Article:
New World Bank Structure

World Bank buildingOn July 1, 2014, the World Bank launched its new structure with 14 Global Practices (GPs) and 5 Cross-Cutting Solution Area (CCSAs). The Senior Directors responsible for the various GPs and CCSAs are to inform President Jim Kim of the World Bank how they wish to structure their new organizations by early September.

The following Global Practices have been created (along with the Senior Director):

  • Agriculture (Juergen Voegele)
  • Education (Claudia Costin)
  • Energy & Extractives (Anita George)
  • Environment & Natural Resources (Paula Caballero)
  • Finance & Markets (Gloria Grandolini)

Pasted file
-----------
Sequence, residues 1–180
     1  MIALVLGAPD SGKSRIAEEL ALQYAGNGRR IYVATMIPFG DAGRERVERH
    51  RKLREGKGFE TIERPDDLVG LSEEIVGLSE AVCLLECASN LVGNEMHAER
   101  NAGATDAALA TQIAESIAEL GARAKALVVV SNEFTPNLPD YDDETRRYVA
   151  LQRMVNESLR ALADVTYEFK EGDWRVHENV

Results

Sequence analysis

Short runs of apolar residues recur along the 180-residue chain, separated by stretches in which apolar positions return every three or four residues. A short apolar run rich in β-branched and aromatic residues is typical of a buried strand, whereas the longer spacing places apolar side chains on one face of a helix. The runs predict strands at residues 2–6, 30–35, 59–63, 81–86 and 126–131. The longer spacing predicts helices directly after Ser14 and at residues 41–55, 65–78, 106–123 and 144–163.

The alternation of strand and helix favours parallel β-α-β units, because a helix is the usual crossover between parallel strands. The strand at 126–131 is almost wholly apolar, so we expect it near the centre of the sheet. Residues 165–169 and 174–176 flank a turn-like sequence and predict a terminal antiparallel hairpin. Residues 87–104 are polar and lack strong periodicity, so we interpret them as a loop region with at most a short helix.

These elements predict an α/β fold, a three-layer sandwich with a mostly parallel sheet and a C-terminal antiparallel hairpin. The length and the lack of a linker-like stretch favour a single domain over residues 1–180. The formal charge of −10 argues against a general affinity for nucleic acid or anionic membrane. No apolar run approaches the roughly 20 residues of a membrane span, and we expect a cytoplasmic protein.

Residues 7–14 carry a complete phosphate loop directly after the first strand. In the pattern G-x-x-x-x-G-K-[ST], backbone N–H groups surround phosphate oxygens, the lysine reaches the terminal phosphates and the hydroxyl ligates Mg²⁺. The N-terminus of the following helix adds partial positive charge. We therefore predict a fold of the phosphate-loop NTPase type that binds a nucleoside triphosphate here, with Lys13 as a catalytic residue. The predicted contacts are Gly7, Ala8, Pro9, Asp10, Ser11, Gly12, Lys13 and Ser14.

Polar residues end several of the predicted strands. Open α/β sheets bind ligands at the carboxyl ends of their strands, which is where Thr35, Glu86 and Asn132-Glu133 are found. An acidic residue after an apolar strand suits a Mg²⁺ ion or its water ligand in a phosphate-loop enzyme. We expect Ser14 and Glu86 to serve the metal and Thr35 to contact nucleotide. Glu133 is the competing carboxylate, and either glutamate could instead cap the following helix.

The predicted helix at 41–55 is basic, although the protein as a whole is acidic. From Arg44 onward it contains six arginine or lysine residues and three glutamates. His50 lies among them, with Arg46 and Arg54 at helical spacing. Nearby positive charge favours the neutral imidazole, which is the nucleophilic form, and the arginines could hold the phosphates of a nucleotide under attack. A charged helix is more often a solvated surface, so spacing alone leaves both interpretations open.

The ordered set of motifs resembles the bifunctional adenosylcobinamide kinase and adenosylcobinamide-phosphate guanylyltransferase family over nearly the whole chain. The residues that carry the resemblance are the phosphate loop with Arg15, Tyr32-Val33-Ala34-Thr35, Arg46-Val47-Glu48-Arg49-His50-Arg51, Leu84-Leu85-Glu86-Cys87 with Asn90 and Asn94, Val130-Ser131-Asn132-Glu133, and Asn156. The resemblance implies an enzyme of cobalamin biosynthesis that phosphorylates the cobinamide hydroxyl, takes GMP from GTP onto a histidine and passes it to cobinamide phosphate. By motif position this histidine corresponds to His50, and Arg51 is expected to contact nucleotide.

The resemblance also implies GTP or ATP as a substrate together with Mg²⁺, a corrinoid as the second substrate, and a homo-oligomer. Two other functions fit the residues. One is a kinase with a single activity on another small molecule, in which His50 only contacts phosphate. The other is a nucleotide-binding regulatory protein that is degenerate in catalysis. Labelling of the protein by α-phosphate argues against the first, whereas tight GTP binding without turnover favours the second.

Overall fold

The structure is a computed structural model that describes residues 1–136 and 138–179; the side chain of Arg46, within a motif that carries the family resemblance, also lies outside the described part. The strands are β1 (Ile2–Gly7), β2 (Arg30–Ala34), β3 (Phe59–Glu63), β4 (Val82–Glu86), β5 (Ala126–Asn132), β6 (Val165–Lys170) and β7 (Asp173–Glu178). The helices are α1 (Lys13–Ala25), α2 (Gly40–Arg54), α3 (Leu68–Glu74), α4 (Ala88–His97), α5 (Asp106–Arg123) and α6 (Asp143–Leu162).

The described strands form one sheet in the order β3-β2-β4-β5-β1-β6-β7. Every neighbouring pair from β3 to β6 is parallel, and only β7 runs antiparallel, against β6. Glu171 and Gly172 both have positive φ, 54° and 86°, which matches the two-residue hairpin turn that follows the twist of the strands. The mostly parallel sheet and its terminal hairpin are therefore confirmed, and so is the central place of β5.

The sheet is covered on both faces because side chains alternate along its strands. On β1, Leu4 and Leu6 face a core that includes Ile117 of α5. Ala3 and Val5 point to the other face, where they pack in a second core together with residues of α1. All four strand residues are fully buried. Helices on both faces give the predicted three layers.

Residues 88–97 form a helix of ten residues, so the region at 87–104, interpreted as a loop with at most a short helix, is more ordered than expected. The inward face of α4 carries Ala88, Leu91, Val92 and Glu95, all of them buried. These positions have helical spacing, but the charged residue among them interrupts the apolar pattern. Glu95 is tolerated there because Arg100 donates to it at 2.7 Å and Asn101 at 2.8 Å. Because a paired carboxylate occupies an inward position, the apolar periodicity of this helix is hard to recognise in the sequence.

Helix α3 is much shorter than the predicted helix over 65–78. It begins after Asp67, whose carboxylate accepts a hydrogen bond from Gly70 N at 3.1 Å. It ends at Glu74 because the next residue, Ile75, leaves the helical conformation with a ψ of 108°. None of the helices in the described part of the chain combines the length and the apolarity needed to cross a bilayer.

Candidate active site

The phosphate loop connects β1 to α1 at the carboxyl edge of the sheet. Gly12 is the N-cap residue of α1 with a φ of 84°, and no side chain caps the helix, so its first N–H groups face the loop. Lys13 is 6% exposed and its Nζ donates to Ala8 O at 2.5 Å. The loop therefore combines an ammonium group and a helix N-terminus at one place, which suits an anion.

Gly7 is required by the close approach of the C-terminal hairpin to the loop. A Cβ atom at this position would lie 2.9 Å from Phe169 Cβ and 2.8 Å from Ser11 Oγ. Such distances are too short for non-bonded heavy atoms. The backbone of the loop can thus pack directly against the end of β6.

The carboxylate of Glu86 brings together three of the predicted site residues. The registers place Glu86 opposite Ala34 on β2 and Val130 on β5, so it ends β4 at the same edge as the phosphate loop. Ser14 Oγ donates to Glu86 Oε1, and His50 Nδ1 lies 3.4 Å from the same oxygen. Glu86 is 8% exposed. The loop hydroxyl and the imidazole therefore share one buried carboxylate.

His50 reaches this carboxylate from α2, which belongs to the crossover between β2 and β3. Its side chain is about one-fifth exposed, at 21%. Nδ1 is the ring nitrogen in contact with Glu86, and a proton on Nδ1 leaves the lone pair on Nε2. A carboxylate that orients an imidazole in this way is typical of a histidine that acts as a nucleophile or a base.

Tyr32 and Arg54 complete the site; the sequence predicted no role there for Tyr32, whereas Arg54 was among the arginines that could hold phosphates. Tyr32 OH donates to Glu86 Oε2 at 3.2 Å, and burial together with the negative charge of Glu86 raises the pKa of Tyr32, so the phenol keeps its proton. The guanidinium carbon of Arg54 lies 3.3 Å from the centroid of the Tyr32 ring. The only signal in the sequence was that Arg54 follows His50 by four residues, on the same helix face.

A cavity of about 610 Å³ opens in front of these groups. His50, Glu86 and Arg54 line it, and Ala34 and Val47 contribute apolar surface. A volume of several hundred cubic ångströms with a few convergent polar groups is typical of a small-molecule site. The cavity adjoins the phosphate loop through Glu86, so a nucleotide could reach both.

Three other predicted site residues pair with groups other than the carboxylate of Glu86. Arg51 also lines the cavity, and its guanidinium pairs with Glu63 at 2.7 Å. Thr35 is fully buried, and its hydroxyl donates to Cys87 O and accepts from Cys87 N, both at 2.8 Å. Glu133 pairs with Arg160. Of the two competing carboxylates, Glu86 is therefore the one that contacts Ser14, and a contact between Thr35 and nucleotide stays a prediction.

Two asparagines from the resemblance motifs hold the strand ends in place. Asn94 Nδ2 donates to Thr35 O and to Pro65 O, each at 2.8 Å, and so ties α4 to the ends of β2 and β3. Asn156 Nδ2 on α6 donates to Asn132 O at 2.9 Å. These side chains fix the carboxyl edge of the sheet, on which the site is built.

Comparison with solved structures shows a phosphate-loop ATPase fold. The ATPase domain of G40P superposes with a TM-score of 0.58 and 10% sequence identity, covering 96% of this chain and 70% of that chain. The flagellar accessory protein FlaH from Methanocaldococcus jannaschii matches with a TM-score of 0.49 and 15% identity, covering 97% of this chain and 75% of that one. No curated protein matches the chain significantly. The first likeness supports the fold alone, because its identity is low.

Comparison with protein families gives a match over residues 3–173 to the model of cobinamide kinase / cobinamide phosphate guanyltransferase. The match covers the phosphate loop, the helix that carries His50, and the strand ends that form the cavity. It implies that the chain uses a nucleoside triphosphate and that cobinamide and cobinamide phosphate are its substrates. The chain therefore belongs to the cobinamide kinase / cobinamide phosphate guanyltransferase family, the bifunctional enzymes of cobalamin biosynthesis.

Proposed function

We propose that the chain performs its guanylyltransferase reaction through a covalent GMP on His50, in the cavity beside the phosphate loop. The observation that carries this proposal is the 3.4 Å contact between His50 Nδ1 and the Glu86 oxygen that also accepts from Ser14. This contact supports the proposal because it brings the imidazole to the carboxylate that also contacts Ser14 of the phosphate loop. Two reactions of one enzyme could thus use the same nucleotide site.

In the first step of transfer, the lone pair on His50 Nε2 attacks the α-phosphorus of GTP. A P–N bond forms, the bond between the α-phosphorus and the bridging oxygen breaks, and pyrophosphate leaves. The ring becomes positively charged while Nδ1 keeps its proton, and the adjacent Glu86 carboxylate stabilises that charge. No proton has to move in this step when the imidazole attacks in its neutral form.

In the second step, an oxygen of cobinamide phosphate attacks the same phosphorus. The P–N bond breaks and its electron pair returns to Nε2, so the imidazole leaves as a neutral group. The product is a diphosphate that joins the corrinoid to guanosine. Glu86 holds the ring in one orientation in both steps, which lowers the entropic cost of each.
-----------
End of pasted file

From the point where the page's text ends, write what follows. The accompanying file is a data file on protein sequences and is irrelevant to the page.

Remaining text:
• Governance (Mario Marcel)
  • Health, Nutrition & Population (Timothy Evans)
  • Macroeconomics & Fiscal Management (Marcelo Giugale)
  • Poverty (Ana Revenga)
  • Social Protection & Labor (Arup Banerji)
  • Trade & Competitiveness (Anabel Gonzalez)
  • Transport & Information Technology  (Pierre Guislain)
  • Urban, rural & Social Development (Ede Ijjasz-Vasquez)
  • Water (Junaid Ahmad)

The Cross-Cutting Solution Areas are the following:

  • Climate Change (Rachel Kyte)
  • Fragility, Conflict & Violence (Betty Bigombe)
  • Gender (Caren Grown)
  • Jobs (Nigel Twose)
  • Public-Private Parterships (Laurence Carter)

As a result of the reorganization, many staff members have been “re-mapped” to different GPs, and are now reinventing themselves within a new organizational structure. This affects hierarchical lines, budgets, responsibilities, and project staffing.